Nim smiled briefly. "If that's the way I looked, I suppose the answer's 'yes."'
Nancy put the sheet of stationery on top of the folder on his desk. "Want to tell me about it? Off the record, if you like."
"Yes," he said, "it'll be off the record. Her name was Karen Sloan. She was a quadriplegic, and had been one since she was fifteen." He stopped.
"Go on," Nancy said. "I'm listening."
"I think she was the most beautiful person-in every way-I've ever known."
A pause, then: "How did you meet her?"
"Accidentally. It happened right after that blackout last July Barely an hour ago Nim had longed for someone to talk to, to confide in.
Now, he poured it out to Nancy. She listened, interjecting an occasional question, but was mostly silent. When be described the manner of Karen's death, she stood up, moved around the room, and said softly, "Oh, baby! Baby!"
"So you see," Nim said, "I guess looking like something from a stable floor wasn't all that surprising."
Nancy had returned to the desk. She pointed to his spread-out papers.
“Then why are you bothering with all that crap?"
"I had work to do. Still have."
"Bullshit! Dump it and go home."
He shook his head and glanced toward the bed. "Tonight I'm sleeping here. We still have problems, and tomorrow-remember?-we start rolling blackouts."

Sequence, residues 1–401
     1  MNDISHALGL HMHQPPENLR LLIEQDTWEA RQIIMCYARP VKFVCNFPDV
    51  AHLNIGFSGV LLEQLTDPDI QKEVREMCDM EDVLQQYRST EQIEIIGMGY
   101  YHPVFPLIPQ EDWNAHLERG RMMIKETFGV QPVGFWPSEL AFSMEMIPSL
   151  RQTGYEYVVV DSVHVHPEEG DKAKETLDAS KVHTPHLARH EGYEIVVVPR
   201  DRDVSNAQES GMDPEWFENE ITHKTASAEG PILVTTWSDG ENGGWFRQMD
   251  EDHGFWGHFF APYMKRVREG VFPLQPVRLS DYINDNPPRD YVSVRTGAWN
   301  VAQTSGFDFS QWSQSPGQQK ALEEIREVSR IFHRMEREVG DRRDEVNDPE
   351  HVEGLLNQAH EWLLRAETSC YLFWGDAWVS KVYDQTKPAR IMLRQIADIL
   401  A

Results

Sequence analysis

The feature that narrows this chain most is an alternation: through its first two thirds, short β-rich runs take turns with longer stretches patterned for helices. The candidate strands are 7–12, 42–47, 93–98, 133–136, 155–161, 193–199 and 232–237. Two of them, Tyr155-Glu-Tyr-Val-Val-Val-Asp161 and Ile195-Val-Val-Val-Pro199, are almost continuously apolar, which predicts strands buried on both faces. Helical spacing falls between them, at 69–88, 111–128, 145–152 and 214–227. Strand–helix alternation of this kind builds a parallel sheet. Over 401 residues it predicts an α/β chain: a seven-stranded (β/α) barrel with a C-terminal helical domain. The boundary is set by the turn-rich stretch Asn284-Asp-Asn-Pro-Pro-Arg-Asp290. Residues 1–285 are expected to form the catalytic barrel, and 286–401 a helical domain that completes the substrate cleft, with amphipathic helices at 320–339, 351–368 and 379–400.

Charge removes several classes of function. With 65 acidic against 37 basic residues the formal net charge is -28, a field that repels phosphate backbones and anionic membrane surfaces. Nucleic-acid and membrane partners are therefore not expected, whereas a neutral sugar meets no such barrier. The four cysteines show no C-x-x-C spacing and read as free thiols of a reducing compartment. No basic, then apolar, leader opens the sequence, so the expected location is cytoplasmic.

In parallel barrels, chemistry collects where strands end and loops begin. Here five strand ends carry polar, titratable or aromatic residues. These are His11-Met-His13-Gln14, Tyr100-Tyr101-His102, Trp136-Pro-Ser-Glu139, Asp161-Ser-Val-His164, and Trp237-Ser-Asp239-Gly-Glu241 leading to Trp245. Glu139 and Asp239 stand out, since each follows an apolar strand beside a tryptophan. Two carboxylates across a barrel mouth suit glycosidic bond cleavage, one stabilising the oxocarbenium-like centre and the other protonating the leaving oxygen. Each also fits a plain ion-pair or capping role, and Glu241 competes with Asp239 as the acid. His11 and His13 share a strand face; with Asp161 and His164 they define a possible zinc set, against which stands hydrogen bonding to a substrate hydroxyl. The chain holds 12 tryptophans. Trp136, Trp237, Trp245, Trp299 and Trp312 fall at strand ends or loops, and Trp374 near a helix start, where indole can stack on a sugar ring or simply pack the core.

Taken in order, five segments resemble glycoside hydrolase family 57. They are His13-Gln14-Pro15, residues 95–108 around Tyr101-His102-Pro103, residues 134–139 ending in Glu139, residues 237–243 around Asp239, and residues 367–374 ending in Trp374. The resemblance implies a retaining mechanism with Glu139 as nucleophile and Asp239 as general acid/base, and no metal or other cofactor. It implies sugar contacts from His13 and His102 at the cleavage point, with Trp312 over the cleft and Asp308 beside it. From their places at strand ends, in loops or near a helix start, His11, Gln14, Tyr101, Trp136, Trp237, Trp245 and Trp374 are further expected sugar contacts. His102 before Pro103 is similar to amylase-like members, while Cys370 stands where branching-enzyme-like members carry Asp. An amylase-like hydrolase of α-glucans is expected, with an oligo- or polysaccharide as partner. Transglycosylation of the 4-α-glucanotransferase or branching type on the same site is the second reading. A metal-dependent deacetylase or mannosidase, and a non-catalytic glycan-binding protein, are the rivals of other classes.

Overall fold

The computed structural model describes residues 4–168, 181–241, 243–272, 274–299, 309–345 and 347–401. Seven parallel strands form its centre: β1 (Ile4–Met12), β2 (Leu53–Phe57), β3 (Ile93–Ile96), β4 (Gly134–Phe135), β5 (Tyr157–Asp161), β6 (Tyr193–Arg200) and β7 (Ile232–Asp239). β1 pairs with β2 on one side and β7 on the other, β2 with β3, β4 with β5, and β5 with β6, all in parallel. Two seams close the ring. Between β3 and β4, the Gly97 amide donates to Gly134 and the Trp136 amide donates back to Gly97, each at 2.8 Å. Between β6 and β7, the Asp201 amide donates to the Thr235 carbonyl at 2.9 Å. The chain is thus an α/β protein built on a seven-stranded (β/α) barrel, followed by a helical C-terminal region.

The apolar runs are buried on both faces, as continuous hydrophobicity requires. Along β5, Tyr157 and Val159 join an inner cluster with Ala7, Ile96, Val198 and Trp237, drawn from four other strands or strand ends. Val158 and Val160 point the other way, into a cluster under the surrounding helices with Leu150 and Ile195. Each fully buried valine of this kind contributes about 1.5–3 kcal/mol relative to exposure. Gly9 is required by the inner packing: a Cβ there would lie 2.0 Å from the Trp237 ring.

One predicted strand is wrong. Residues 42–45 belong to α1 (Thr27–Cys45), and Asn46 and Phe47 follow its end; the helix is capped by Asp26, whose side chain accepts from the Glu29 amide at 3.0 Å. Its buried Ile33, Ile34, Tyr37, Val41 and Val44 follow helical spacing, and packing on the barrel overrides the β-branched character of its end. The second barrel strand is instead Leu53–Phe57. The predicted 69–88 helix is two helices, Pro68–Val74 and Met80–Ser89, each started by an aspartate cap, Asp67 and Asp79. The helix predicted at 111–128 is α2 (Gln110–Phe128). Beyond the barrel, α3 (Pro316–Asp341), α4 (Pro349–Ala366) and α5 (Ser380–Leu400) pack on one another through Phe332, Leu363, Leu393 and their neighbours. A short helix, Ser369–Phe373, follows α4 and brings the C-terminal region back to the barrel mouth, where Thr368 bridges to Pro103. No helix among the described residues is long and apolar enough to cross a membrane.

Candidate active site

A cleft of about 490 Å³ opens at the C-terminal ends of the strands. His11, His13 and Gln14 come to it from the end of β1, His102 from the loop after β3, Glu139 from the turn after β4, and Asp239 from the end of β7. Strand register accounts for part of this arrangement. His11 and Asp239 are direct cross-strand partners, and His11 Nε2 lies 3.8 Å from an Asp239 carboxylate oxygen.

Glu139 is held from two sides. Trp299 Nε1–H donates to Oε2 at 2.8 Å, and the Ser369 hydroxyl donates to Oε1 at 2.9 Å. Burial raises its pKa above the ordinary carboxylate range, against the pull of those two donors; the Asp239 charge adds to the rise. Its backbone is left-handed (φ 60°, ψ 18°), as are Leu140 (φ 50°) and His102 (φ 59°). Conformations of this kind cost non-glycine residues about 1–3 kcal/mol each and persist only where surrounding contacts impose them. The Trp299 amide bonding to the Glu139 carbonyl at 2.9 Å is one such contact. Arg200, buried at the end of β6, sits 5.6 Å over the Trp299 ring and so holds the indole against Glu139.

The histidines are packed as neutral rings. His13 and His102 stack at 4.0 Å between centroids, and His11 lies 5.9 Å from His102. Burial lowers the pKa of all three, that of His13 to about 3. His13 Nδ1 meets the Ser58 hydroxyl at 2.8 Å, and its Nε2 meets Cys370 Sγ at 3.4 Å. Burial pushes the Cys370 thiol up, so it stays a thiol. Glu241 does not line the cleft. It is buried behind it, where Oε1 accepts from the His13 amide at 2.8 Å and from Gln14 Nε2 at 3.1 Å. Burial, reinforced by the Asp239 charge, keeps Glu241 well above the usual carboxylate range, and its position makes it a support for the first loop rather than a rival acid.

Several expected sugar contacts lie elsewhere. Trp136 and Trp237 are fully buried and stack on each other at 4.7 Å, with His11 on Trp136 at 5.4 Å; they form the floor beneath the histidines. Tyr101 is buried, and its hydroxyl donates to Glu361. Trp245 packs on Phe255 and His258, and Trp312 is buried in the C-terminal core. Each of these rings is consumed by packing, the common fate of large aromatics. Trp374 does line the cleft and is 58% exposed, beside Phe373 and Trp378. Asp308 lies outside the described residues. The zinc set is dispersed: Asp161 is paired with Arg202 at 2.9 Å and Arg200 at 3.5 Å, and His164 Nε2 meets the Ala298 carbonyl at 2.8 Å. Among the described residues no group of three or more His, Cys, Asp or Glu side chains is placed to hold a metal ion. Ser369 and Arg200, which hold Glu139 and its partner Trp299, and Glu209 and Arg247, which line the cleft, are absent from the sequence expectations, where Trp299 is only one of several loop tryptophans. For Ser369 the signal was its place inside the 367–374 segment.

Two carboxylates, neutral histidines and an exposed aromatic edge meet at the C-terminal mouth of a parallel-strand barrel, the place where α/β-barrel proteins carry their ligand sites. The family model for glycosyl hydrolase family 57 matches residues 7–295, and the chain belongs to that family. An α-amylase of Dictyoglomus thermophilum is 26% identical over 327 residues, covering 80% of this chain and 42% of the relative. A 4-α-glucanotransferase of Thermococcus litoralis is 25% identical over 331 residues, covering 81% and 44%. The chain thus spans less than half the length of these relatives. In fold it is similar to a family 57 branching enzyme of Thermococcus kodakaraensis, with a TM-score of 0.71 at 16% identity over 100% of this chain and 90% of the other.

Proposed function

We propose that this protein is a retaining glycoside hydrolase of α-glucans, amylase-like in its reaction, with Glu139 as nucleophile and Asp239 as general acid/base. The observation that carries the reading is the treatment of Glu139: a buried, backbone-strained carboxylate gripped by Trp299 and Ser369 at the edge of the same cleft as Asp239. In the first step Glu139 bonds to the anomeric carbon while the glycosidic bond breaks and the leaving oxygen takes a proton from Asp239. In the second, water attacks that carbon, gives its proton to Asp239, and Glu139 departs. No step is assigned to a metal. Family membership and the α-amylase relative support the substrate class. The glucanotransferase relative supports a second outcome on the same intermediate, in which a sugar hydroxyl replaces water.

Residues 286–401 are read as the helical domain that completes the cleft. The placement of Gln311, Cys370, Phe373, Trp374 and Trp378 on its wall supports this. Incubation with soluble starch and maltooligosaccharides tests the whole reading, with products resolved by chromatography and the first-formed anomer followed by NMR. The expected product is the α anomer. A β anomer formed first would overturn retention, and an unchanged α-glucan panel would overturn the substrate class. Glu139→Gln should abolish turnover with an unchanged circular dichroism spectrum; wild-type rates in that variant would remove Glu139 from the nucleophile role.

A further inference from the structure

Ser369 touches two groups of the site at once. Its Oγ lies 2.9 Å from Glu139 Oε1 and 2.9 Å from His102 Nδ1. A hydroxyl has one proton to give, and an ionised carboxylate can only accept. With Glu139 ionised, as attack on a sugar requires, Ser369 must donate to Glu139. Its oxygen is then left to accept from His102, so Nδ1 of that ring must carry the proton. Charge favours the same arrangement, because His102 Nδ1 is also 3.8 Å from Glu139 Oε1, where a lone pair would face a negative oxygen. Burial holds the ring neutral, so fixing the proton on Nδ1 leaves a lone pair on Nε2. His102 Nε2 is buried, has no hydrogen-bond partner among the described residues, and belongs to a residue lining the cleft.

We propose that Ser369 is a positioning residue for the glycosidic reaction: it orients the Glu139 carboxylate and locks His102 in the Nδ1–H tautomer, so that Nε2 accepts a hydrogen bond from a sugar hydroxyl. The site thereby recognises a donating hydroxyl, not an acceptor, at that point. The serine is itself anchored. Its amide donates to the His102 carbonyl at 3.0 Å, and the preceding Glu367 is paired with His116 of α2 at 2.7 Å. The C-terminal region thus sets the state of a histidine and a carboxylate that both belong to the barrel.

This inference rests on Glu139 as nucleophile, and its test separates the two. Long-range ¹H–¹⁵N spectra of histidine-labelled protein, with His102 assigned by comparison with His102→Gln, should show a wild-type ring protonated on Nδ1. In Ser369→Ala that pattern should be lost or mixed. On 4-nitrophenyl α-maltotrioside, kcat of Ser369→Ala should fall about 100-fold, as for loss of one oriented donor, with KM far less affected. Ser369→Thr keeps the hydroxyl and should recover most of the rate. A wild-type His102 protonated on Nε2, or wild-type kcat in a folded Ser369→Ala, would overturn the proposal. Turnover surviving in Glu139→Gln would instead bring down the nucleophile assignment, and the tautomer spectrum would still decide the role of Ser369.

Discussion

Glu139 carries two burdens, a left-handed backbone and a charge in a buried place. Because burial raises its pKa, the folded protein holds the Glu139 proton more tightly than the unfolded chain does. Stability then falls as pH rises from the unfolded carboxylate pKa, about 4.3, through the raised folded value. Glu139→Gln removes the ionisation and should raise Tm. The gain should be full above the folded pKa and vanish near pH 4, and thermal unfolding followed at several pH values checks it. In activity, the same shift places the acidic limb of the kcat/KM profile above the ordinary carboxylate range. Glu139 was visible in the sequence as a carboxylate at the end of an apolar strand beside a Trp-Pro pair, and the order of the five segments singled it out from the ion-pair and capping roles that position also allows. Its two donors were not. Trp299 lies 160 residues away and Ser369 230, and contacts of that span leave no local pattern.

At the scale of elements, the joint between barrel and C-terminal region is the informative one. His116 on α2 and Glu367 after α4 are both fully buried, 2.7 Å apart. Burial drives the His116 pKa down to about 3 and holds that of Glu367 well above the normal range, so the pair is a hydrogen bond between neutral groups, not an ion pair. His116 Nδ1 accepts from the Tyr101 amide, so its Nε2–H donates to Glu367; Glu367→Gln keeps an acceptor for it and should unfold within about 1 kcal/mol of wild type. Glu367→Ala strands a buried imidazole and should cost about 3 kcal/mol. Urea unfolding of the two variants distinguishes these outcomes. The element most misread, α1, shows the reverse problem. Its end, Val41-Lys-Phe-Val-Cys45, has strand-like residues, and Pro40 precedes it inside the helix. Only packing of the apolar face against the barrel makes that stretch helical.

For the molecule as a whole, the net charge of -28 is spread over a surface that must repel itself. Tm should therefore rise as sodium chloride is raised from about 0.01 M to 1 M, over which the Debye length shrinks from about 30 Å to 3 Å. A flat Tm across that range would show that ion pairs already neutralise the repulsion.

"Then come home with me."
He must have looked startled because she added softly, "My pad is five minutes away. You can leave the phone number, then if you have to, you can get back here fast. If you don't get called, I'll make breakfast in the morning, before you leave."
They stood facing each other. Nim was aware of a musky perfume, of Nancy's slim, willowy, desirable body. He had an urge to know more about her. Much more. And he knew-as had happened so often in his life, and for the second time tonight-he was being tempted by a woman.
"You won't get the offer again," she said sharply. "So make up your mind. Yes or no?"
He hesitated for the briefest second. Then he told her, "Okay, let's go.